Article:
To the editor: A few years ago, the idea of sailing and rock climbing in the Mediterranean was a mere fantasy to our group of close friends, most of whom had never actually been on a real sailboat. But we decided we wanted to learn how to sail and go voyaging. After a brief period of teaching ourselves the basics on the San Francisco Bay, casual campfire discussions sparked into concrete meetings to figure out how to make our dream voyage come true. My friend Spencer and I signed up for sailing courses with a company called Pacific Sail in Santa Cruz, Calif., and had a great experience acquiring our ASA 101, 103 and 104 certifications. That allowed us to charter a sailboat anywhere in the world.
When we sailed away from Alimos Marina in Athens aboard our 44-foot Bavaria sailboat two months after completing our eight-day course, we felt just confident enough that our voyage seemed reasonable but realized there were lots of lessons that laid in store for us. During our first few days alone on the boat, every procedure seemed like a big deal. Before pulling up our anchor or navigating into a harbor, we had thorough conversations about what each person would do, but often there were last minute details that required one of us to sprint across the boat to move a fender or secure a line. Our way of functioning had a rather clunky feel to it, but after each event we talked as a group to reflect upon what we could have done differently to be more effective and smooth. We identified the specific skills and activities that we each should know, and practiced each one. We rotated positions and responsibilities so each of us could learn multiple roles. Since we were also rock climbing during the trip, we spent an enormous amount of time around one another. Although we were close friends and overall got along great, there were a few instances of annoyance or disharmony that we talked about in an open and honest way to ensure we all felt good about our group interactions. Over the course of our six-week journey, we went from being beginner sailors to feeling confident and relaxed living and traveling in our sailboat together.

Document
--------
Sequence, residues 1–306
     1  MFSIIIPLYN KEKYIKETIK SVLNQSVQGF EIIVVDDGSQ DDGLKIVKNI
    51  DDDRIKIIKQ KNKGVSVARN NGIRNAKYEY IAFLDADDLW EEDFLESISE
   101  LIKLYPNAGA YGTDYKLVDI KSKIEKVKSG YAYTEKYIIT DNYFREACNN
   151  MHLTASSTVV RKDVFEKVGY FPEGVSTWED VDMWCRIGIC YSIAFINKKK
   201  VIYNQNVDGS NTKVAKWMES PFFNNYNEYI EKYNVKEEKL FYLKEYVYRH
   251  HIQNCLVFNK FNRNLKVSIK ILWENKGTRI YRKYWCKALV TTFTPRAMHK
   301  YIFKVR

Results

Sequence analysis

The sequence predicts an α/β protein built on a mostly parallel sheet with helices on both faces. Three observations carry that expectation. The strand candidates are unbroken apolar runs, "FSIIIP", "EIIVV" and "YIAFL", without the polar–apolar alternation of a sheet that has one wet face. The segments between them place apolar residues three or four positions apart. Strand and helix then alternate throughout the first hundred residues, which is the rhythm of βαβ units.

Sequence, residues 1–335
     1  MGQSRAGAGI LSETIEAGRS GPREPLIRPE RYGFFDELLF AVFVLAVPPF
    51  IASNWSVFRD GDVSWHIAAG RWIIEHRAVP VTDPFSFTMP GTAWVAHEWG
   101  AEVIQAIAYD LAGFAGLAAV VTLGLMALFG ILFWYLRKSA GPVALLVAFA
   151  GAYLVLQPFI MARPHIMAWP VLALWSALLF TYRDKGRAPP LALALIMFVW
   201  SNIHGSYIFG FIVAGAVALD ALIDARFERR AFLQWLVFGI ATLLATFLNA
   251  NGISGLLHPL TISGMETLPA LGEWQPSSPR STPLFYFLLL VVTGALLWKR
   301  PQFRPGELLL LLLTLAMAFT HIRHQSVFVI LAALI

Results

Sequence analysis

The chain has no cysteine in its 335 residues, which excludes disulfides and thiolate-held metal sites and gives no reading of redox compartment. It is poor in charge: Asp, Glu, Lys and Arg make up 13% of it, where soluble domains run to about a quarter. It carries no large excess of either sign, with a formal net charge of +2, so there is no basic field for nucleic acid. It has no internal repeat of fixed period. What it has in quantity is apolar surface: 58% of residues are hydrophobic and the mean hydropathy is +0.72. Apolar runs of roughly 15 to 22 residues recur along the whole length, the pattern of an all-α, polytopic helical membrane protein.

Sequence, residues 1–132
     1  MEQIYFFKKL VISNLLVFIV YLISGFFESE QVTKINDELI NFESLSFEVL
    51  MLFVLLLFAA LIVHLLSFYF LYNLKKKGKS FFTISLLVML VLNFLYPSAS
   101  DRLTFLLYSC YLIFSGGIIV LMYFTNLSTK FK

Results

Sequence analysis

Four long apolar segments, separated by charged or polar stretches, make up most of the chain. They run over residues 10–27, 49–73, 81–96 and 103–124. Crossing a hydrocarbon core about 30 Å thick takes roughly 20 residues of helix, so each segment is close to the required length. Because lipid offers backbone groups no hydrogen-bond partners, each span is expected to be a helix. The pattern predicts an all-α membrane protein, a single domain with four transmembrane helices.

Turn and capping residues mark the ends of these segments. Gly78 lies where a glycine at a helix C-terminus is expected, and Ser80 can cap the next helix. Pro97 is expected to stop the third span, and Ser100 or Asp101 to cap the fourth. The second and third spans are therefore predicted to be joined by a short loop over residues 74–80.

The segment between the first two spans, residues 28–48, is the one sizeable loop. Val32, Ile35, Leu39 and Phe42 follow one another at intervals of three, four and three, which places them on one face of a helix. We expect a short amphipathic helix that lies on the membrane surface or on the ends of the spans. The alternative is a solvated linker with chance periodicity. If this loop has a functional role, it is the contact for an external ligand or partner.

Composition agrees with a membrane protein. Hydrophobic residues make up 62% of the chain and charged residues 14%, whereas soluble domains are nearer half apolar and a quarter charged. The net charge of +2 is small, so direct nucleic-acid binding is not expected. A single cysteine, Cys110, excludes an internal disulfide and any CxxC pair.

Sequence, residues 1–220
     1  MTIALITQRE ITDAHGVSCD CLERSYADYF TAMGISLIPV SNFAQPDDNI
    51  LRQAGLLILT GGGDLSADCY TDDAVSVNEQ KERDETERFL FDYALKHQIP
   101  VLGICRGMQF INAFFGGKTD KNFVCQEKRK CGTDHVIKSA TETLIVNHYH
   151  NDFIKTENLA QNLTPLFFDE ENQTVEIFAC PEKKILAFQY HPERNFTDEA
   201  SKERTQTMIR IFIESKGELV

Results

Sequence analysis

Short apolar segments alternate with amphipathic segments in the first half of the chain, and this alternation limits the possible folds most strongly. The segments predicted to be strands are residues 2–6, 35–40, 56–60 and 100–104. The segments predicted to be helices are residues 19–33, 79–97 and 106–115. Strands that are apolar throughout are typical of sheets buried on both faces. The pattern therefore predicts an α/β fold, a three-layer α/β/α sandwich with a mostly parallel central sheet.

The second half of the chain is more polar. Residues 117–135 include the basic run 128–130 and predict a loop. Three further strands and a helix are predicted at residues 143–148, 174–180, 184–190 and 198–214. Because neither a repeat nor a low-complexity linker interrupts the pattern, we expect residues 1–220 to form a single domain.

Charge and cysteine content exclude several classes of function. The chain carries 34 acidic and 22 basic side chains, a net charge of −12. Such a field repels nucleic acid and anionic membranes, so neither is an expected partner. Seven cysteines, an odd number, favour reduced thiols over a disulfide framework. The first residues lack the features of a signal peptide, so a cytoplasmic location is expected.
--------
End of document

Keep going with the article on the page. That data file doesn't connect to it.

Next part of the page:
—Ian Drogin is an outdoorsman and writer from Santa Cruz, Calif. For more on his exploits go to windandrock.com.